In his political affiliation Dr. Hill was an ardent and life-long Democrat. Fraternally he was connected with the Independent Order of Odd Fellows and he was long a consistent member of the Christian church of Broadwell. Speaking of his church relationship Elder T. T. Holton, his pastor, said:
"During his residence at Columbus, Mississippi, he acted as one of the elders of the congregation. There being no congregation at Middletown, his membership was with the church at Broadwell. Dr. Hill kept in touch with all the great work of the brotherhood. He contributed regularly and liberally, not only to the home church, but to our missionary enterprises. Upon his desk could always be found fresh copies of our best papers, and he was well read in the early history of the Disciples. He had many strong points in his character, and was one of the most entertaining and companionable men I have ever known. Had he achieved nothing else, the rearing and education of such a noble family of sons would be an honorable distinction."
Dr. Hill was married three times. In 1834 he wedded Miss Martha Ann Kirkpatrick, and they became the parents of two daughters, Mary and Sarah. The latter died at the age of sixteen years and the former married John Brandon, of Franklin, Tennessee. She and her husband are now deceased, leaving six children. Mrs. Hill died in Mississippi, and Dr. Hill was afterward married in that state to Sarah Van Meiddleworth, of Auburn, New York, who died in Logan county in 1858, leaving two daughters, Catherine, now the wife of Lewis Varney, a lawyer of Saratoga Springs, New York; and Ella, who married C. C. Baker, of Austin, Texas. For his third wife Dr. Hill chose Miss Martha R. Caldwell, of Logan county, and they became the parents of five sons: Green E., who is living in Girard, Illinois; T. C., of Fancy Prairie; John H., of Mechanicsburg, Illinois; Harry C., of Streator, Illinois; and Talbert F., of Athens, Illinois. The sons have followed in the footsteps of their father in many respects. They have endeavored to exemplify in their lives his teachings concerning the development of an upright character and they have also all become physicians and are now successfully engaged in practice in the various communities in which they reside. In September, 1897, all of the sons met together with their mother in family reunion in Middletown, and the occasion was a most enjoyable one.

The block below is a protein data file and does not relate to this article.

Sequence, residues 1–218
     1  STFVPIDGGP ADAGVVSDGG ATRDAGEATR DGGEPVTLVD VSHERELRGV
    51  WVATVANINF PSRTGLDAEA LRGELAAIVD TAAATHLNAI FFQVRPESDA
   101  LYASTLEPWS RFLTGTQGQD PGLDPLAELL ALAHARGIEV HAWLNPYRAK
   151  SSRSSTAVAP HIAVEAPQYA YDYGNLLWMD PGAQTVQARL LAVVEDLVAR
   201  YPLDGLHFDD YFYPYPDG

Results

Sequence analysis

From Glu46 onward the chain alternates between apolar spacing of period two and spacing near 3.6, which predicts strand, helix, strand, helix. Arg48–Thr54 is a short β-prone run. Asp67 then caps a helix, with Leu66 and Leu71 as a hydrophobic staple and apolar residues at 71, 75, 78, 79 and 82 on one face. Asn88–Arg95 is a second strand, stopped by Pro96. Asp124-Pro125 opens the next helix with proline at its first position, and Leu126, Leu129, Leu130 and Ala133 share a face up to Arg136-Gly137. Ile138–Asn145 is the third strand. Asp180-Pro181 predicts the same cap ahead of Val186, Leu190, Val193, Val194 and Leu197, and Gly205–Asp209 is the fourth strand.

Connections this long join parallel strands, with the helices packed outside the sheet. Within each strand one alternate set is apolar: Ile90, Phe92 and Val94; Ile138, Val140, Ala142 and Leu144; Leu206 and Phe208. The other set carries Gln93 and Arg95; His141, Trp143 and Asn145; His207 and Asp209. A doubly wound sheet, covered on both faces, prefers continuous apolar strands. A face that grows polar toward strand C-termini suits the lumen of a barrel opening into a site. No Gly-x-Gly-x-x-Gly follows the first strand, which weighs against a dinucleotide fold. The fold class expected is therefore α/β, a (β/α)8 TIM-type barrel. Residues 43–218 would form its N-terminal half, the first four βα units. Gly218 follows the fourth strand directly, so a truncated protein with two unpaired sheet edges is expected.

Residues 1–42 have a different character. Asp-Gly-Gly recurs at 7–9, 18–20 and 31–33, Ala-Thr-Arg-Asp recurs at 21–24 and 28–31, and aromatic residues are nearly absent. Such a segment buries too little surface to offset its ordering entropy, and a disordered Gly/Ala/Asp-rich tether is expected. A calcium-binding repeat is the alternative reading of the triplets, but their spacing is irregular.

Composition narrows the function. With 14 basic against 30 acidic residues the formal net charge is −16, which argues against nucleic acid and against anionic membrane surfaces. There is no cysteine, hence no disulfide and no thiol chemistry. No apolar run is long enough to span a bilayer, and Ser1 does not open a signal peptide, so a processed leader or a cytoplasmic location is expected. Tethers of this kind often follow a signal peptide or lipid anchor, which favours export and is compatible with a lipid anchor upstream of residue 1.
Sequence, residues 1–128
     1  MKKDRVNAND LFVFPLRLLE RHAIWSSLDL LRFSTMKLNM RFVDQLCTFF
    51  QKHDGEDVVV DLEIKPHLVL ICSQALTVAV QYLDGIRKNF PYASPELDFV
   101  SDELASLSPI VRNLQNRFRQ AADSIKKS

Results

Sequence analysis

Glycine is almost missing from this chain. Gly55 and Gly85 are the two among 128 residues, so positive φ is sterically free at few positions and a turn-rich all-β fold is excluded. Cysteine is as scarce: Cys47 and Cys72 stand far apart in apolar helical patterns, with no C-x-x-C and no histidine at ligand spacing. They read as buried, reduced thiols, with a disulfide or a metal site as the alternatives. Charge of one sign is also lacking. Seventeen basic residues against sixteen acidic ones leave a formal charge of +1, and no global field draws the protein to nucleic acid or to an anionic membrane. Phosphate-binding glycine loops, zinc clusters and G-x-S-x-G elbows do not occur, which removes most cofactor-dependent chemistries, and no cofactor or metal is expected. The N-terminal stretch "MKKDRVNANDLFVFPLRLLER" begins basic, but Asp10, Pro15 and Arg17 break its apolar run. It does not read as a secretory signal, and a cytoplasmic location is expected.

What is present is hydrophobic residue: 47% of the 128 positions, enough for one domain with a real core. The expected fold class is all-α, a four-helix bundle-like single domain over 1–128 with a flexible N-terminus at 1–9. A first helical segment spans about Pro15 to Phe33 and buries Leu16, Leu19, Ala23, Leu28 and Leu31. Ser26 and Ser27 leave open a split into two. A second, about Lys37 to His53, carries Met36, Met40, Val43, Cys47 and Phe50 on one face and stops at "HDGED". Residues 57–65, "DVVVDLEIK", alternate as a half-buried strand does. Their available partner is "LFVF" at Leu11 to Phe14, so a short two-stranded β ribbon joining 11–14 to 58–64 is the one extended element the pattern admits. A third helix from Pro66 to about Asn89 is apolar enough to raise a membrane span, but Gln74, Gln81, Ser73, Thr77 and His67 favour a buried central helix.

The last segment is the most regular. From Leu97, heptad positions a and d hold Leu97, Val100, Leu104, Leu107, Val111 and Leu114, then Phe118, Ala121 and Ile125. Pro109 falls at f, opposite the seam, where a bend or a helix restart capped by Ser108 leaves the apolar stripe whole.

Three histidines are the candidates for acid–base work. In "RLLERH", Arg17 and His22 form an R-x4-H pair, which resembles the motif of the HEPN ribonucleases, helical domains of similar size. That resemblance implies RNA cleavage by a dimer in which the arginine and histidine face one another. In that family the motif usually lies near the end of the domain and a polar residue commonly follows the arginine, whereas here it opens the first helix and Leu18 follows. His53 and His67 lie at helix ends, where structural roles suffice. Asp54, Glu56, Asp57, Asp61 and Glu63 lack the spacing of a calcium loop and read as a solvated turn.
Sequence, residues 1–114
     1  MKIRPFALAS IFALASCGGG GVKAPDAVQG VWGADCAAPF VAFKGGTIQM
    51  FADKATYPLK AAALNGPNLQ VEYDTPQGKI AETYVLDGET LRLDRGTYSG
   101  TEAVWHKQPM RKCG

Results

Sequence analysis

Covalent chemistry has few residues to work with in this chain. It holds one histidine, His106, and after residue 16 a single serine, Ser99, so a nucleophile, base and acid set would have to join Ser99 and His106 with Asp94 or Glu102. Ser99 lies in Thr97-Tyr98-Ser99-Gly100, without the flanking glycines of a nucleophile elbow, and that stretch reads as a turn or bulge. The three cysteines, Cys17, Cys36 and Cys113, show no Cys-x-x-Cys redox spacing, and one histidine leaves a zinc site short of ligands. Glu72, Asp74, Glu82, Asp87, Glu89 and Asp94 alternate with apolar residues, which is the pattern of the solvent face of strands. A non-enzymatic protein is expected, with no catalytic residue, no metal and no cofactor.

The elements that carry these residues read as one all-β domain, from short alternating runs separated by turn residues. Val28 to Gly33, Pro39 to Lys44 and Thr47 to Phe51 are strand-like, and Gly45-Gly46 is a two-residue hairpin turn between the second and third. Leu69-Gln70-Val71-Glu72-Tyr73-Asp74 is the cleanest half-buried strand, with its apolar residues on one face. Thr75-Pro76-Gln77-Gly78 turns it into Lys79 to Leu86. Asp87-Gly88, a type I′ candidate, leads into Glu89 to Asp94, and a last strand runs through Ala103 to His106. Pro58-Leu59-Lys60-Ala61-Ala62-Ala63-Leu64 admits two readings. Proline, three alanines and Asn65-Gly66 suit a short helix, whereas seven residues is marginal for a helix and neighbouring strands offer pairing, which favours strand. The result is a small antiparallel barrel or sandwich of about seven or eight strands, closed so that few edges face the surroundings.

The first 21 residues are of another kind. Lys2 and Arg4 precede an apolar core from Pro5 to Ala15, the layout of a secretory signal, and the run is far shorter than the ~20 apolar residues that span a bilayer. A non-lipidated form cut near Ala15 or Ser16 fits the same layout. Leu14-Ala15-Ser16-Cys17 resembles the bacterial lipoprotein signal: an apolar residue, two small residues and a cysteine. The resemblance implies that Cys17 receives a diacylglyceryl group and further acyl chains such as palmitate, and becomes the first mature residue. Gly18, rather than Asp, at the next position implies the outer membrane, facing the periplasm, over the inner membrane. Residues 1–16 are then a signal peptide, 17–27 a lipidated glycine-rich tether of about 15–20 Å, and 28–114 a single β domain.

Dr. T. C. Hill, of Fancy Prairie, attended the public schools of Middletown and later entered upon the study of medicine under the direction of his father, while subsequently he attended lectures at Rush Medical College of Chicago, entering that institution in 1886. He was graduated with the class of 1888 and then located for practice in Fancy Prairie, where he remained for about a year, when he removed to Sweetwater, Illinois, spending nearly fifteen years in active and successful professional services there. But at length failing health compelled him to seek a needed rest and he spent the winter of 1903 in Los Angeles, California. After returning to Illinois he located upon his farm in township 18 in order to still continue a quiet life and to give his sons the advantage of farm life.
Dr. Hill was married on the 4th of September, 1888, to Miss Mollie Hall, the youngest daughter of James P. and Mary (Pearce) Hall. He has purchased the interest of the heirs in the old Hall farm property and this is now his home. He has between four and five hundred acres of valuable land. Unto Dr. and Mrs. Hill have been born three children: Thurman R., who was born July 12, 1889; Thomas G., who was born October 12, 1891; and Mary P., born August 25, 1898. Dr. Hill is a Democrat in his political affiliation and fraternally has been identified with Greenview lodge, No. 653, A.F. & A.M., for five years. For eight years he has been a member of the Christian church at Sweetwater, Illinois, and his life, like that of his father, has been guided by honorable motives and upright principles. He has a wide and favorable acquaintance in his section of the state and no history of this portion of Illinois would be complete without mention of the Hill family.